When the world, and the cars in them, were much simpler things.
Steve Nichols, a past designer for McLaren Formula One MP4/4 from 1988, formed his own company in 2017. No longer in Formula One, he turned his attention to road cars. In his first, the Nicholas N1A, he brings the thrill of a late 60’s Can-Am car to the street, using the McLaren M1A is his inspiration.
As the modern sports car gets faster, manufacturers have been harnessing better technology all aimed, of course, at a quicker car. Many modern road exotics are faster around a racing circuit than a purpose build full racing machines of a scant 10 years ago. Designers would argue that it’s suppose to be that way, that a racing machine’s technology should trickle down their to street cars, making them better, safer, faster.
And while the is no shortage of people willing to part with large amounts of money to get the latest from Ferrari, Lamborghini, Porsche and the rest, there is a growing movement toward retro in the move toward manual shift cars vs the much quicker shifting automatics ( (Pagani V12 manual ) and enthusiast are looking for an engagement unfelt in paddle shift machines. Spoiler alert, this is going to be a short arc, as it costs manufacturers big bucks to fit a manual into a hyper-car originally designed for the much more efficient and faster paddle shift transmission.
Retro is the new buzzword in exclusive. Not just to do with limited quantities, but in the micro-niche car industry, where restomods are now very much accepted as ultra-desirable, marrying the old and new in a way everyone seems to want.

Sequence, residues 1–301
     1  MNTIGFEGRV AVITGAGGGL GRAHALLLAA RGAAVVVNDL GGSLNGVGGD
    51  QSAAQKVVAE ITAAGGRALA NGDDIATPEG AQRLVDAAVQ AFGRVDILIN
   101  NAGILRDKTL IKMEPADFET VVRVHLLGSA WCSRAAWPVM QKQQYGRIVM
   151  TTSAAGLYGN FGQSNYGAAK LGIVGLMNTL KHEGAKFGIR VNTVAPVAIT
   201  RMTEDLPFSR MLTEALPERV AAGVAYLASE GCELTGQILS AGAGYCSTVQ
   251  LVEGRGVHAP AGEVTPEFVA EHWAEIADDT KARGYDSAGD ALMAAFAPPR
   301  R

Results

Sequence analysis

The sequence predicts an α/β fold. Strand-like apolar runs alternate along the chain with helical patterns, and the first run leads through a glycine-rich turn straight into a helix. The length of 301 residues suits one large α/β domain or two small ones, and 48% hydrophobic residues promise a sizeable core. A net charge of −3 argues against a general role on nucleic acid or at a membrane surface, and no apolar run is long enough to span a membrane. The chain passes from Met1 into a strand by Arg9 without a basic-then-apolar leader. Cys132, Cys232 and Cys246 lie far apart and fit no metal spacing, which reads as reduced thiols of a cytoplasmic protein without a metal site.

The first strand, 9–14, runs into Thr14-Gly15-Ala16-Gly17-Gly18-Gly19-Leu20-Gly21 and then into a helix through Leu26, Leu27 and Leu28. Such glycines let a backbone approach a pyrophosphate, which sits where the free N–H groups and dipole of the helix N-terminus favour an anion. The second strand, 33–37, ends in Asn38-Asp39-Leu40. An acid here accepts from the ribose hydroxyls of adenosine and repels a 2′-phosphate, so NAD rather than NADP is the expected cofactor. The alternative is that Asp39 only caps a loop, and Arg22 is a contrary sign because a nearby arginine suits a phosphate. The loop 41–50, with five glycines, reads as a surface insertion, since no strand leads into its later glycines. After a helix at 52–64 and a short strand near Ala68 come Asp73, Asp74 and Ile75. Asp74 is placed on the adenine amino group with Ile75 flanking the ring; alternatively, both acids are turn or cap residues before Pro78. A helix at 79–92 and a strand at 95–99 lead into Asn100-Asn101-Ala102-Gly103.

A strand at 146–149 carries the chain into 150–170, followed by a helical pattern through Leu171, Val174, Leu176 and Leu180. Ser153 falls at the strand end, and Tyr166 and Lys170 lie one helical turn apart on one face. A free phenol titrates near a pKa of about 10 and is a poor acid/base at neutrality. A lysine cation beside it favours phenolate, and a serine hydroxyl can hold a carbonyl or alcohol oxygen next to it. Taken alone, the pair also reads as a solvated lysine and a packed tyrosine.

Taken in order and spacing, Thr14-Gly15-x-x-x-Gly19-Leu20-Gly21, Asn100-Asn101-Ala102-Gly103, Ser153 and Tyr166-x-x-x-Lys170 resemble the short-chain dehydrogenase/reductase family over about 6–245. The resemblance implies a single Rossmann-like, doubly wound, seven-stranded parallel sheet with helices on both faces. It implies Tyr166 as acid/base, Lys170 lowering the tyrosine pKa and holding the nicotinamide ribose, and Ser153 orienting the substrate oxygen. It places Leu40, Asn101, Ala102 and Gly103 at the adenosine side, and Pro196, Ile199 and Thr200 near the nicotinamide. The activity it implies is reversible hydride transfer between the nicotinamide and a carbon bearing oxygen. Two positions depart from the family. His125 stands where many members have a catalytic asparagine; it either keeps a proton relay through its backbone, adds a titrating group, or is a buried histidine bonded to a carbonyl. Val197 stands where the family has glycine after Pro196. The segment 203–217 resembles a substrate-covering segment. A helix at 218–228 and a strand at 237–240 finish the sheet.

Now there appears the different breed of hypercar. Rather than using an existing car and gutting the old for new suspensions, technology and weight reduction through carbon fiber, small artisans are designing ground-up machines that are clean sheet designs , such as Gordon Murray’s T33, marvelous machines that evoke the past, but with a much better performance.
“Having headed the design team at McLaren during arguably their most successful period ever, I’m a McLaren man through and through. With the Nichols N1A I’ve gone back to the very first McLaren for inspiration, combining lots of classic lines with modern engineering for a car of extraordinary performance and presence.”
“When I was looking for a project to keep me amused in my old age, the idea of taking a fresh look at the very first McLaren, the “M1A”, had great appeal. Initially intended as a prototype but time and registered interest has meant pursuing it with the aim to turn it into a beautifully finished vehicle worthy of its, and my, McLaren roots.”
— Steve Nichols – Co founder and Technical Director Nichols Cars LTD
An initial run of 17 launch-spec cars will feature a dry-sump 7.0-litre-develop of the GM LS3. Powering the Nicholas N1A is a 650 HP General Motors LS3 V8 from Langford Performance Engineering, the shop that produced the Jordan 191, the car in which Michael Schumacher made his debut at the Belgian Grand Prix.
- Six-speed manual transmission
- 1984 pounds
- traction control is standard but ABS is an option
- rack and pinion steering as the old days, with power steering optional
- aluminum and carbon fiber chassis
- carbon fiber body
- Michelin Pilot Sport Cup 2s, 19 inches at the front, 20 at the rear.
- optional power assisted steering